Jean Martinon (Martinon, Jean) |

Jean Martinon (Martinon, Jean) |

Martinon, Jean

Date of birth
Date of death
composer, conductor

The name of this artist attracted general attention only in the early sixties, when he, for many, rather unexpectedly, led one of the best orchestras in the world – the Chicago Symphony, becoming the successor to the deceased Fritz Reiner. Nevertheless, Martinon, who by this time was fifty years old, already had a wealth of experience as a conductor, and this helped him justify the trust placed in him. Now he is rightly called among the leading conductors of our time.

Martinon is a Frenchman by birth, his childhood and youth were spent in Lyon. Then he graduated from the Paris Conservatory – first as a violinist (in 1928), and then as a composer (in the class of A. Roussel). Before the war, Martinon was mainly engaged in composition, and in addition, to earn money from the age of seventeen, he played the violin in a symphony orchestra. During the years of the Nazi occupation, the musician was an active participant in the Resistance movement, he spent about two years in Nazi dungeons.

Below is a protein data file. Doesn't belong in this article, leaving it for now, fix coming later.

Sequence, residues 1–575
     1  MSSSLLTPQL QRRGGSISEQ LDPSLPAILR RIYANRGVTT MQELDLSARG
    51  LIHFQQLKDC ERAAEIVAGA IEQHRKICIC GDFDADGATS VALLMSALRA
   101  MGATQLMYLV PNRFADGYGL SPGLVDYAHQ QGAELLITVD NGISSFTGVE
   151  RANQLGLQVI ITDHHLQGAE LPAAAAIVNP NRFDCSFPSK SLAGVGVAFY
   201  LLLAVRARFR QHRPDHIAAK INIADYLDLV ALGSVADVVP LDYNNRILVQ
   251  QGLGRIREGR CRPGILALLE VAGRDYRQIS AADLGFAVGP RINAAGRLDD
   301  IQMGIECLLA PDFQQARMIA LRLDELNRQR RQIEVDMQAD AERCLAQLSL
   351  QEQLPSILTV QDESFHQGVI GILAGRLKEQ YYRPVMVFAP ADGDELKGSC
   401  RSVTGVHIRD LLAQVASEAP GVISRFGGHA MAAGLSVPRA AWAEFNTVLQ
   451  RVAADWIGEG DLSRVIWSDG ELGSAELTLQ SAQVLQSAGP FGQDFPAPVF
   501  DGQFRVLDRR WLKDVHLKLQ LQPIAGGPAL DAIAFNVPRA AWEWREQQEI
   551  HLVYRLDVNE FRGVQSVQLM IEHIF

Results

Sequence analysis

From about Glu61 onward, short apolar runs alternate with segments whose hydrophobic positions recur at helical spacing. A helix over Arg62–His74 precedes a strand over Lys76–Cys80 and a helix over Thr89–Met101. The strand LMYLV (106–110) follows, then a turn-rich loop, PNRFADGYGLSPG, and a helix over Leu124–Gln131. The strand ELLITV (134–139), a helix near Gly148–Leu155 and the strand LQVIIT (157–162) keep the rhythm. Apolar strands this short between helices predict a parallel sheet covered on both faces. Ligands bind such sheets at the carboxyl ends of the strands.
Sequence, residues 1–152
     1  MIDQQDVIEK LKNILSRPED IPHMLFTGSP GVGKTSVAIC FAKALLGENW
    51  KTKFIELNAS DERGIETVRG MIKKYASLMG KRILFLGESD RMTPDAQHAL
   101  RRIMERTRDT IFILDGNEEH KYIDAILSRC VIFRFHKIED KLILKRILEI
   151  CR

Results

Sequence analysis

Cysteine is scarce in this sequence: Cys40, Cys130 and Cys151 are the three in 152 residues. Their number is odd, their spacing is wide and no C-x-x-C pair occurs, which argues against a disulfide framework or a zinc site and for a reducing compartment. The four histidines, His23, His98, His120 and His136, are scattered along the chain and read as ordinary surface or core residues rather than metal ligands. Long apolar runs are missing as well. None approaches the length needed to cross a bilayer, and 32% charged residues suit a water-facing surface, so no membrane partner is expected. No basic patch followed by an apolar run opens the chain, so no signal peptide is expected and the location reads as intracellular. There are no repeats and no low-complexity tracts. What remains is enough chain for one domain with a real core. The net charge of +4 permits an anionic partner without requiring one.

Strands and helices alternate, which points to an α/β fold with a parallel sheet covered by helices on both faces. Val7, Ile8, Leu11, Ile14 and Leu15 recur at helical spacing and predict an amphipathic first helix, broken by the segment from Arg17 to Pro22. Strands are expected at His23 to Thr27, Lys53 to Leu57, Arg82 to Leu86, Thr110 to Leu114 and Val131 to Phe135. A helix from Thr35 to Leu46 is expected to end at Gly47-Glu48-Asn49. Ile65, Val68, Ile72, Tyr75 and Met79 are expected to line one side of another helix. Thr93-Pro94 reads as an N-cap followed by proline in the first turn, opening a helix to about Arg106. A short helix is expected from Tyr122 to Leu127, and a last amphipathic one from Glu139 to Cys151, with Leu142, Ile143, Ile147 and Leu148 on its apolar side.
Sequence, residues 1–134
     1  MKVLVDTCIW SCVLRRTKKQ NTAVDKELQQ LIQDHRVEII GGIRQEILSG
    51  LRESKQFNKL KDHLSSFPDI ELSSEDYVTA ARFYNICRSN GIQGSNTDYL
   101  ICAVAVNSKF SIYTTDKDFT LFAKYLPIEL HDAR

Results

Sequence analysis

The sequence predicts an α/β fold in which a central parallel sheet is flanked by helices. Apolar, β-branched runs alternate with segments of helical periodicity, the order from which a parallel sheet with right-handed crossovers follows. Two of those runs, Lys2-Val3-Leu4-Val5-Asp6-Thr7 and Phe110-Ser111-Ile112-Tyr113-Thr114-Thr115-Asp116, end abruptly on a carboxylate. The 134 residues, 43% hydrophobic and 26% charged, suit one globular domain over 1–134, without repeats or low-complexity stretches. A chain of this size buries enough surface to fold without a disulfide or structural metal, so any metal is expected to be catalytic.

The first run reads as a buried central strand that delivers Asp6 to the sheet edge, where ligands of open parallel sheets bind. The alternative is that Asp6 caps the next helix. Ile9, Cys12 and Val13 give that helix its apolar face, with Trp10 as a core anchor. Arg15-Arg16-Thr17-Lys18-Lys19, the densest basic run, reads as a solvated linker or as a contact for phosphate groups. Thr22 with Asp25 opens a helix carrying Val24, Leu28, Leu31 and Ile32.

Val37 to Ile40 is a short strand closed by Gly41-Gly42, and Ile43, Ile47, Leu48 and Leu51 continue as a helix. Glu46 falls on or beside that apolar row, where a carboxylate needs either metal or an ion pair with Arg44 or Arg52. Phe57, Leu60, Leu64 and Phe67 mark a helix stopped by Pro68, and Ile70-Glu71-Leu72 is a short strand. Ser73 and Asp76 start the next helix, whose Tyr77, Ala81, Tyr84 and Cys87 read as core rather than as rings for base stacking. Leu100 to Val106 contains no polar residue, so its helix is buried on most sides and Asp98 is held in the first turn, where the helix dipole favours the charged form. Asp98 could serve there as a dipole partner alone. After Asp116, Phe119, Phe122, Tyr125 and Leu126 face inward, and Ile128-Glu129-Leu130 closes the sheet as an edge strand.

Martinon’s conducting career began almost by accident, immediately after the war. One well-known Parisian maestro once included his First Symphony in the program of his concert. But then he decided that he would not have time to learn the work, and suggested that the author conduct himself. He agreed, not without hesitation, but coped with his task brilliantly. Invitations poured in from everywhere. Martinon conducts the orchestra of the Paris Conservatory, in 1946 he already becomes the head of the symphony orchestra in Bordeaux. The name of the artist is gaining fame in France and even beyond its borders. Martinon then decided that the acquired knowledge was not enough for him, and improved under the guidance of such prominent musicians as R. Desormieres and C. Munsch. In 1950 he became permanent conductor, and in 1954 director of the Lamoureux Concertos in Paris, and also began touring abroad. Before being invited to America, he was the leader of the Düsseldorf Orchestra. And yet Chicago was truly a turning point in the creative path of Jean Martinon.

In his new post, the artist did not show repertoire limitations, which many music lovers feared. He willingly performs not only French music, but also Viennese symphonists – from Mozart and Haydn to Mahler and Bruckner and Russian classics. Deep knowledge of the latest means of expression (Martinon does not leave the composition) and modern trends in musical creativity allows the conductor to include the latest compositions in his programs. All this led to the fact that already in 1962 the American magazine Musical America accompanied a review of the conductor’s concerts with the headline: “Viva Martinon”, and his work as head of the Chicago Orchestra received a very favorable assessment. Martinon in recent years does not leave touring activities; he participated in many international festivals, including the Prague Spring in 1962.

L. Grigoriev, J. Platek, 1969

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